In 2012, I remembered Decembers in the past that had been exceedingly painful, and delighted that the pohutukawa trees that previously always brought back memories of that time now brought me joy in their blooms.

In 2013, I wrote three posts inspired by the season. In the first, I caught myself when I felt a little jealous of a friend, and reminded myself that someone else's happiness does not affect my own. In the second, I talked about including childless relatives. And in the third, I reminded myself and us all that we are not alone.

In 2014, I wrote about my ideal holiday if money were no object, and what we actually to do in the real world.

Last year, I was relaxed on Christmas Eve, feeling a little melancholy, but about other things rather than about being childless and alone on Christmas.

This year I feel much the same - a bit (though not badly) melancholy. It's the first Christmas without my mother, and I feel sad about her last few years. Neither my husband nor I have any confirmed work for next year, so I feel uncertainty and a small degree of fear. I can't look back on 2016 with any satisfaction, other than simply (so far) surviving it. I feel a bit lonely too, as none of the overseas relatives are returning home this Christmas, the sons having rushed home when FIL had two heart attacks in April. Of course, I have just been at a celebration in the south with my family, so I can't complain about not seeing my sisters or nieces or great-nephew. Still, friends also tend to leave town at Christmas, going places with family or staying in the country or at the beach - anywhere where the weather is better - and so here there'll be just be us and some elderly relatives. And have I mentioned that this year I don't even get to control the Christmas menu? I have hardly even had any Christmas shopping to do, and although I sometimes find it stressful, I also find it very satisfying, and enjoy being able to buy gifts for people in my life.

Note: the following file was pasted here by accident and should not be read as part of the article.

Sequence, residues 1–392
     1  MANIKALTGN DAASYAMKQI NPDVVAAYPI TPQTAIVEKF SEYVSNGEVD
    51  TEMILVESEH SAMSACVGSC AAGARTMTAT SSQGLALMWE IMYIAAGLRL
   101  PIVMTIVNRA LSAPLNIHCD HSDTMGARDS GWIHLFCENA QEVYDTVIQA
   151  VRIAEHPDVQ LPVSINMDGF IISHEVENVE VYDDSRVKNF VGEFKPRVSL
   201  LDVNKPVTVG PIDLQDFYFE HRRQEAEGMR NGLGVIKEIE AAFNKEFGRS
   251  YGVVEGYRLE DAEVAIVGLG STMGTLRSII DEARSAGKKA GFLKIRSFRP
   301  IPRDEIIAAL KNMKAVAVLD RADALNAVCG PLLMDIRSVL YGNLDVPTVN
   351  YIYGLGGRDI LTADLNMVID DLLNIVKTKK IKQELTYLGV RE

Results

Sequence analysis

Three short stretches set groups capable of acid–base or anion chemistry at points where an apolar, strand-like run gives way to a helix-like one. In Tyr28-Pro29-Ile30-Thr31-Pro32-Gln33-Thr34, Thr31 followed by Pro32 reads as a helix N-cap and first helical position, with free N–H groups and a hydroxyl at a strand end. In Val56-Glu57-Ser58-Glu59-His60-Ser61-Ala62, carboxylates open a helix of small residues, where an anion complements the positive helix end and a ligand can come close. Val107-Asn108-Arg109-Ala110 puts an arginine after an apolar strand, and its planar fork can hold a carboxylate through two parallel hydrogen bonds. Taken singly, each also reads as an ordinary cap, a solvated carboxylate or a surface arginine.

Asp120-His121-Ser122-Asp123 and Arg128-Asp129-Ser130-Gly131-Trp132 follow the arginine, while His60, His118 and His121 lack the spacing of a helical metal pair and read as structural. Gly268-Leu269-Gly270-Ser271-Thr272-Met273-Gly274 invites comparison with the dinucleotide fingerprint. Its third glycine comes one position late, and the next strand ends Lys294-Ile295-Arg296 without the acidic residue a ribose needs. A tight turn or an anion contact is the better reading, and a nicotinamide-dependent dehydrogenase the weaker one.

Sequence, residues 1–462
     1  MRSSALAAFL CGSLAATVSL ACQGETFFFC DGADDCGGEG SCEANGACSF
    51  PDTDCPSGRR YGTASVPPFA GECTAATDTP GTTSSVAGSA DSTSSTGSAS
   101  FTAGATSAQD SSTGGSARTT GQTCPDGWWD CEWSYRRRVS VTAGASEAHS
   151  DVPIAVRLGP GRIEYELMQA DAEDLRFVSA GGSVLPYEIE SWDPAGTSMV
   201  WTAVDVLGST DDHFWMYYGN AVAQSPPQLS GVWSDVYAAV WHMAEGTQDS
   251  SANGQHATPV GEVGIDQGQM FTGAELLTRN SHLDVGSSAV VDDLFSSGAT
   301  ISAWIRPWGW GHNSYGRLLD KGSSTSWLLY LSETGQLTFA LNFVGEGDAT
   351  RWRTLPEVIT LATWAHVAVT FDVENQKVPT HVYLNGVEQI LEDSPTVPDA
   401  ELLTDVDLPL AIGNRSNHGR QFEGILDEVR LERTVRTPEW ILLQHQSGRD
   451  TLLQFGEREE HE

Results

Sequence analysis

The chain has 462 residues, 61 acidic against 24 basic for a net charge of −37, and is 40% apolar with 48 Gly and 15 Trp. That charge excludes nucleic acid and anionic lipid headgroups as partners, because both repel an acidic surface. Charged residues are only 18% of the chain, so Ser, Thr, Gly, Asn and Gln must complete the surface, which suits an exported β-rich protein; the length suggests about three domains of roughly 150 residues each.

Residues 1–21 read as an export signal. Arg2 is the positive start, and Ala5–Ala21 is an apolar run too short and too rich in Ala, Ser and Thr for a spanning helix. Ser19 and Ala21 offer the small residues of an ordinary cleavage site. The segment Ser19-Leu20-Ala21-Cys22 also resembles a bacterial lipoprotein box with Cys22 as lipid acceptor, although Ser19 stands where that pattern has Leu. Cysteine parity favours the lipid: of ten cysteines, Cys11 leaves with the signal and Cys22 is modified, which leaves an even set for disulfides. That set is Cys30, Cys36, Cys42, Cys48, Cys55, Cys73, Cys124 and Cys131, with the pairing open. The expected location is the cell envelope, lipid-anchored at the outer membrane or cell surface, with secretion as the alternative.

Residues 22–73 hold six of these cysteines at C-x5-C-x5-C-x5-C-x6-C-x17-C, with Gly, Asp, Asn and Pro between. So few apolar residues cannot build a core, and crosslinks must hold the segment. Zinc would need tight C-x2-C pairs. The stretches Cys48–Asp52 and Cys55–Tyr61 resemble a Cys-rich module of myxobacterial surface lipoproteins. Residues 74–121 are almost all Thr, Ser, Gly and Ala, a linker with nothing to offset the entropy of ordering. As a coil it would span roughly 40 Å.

However, it's not all doom and gloom. I'm going to do some Christmas baking soon, and will give that as gifts. My Christmas tree is up, and looks great. I'll arrange to catch up with the friend who is going to be remaining in town, and perhaps we'll do some overnight visits to other friends. I think I'll do a meal of our favourite things, just for my husband and I, on Christmas Eve, to make up for not choosing the menu on Christmas Day. And I have had a wonderful offer of accommodation somewhere exotic for Christmas 2017, so I can start thinking about if we can afford that, or at least do it cheaply. Enjoying and making the most of what I have - this is what I mean about reclaiming Christmas.

Besides, by this time next week it will be a distant memory, and I can focus on going on summer walks and picnics and playing with my camera outside, and having some friends over for barbecues, and fixing our house, and enjoying the summer, and maybe planning a road trip to visit my sister up north, and planning an international trip in May, and maybe getting a project finished that has been on hold all year, and maybe kicking off a small business that I don't expect will ever make much money, as long as it will make enough to make a few things tax deductible, and thinking about the New Year always makes me feel a little enthusiastic about the unknown opportunities that might come to us, allowing me to wipe the slate clean.

It seems that I did have some things to say after all.

20 December, 2016

Roll on Boxing Day

My key survival tip for the holidays is that actually (for me at least), it is just one day. After that, life takes over again, and even if we're travelling the focus on family and children shrinks quickly back to normal levels, which we can deal with. It is just one day. We can cope with a lot for just one day.

A few months ago, when we had my niece Charlie staying, we went to the movies. Moana, the new Disney movie, was advertised, and Charlie informed us that she really, really, really (!) wanted to see it. (In general, New Zealand and Pacific kids are very excited about this, because it represents a Pacific culture they can relate to.) I wondered aloud when it was going to start.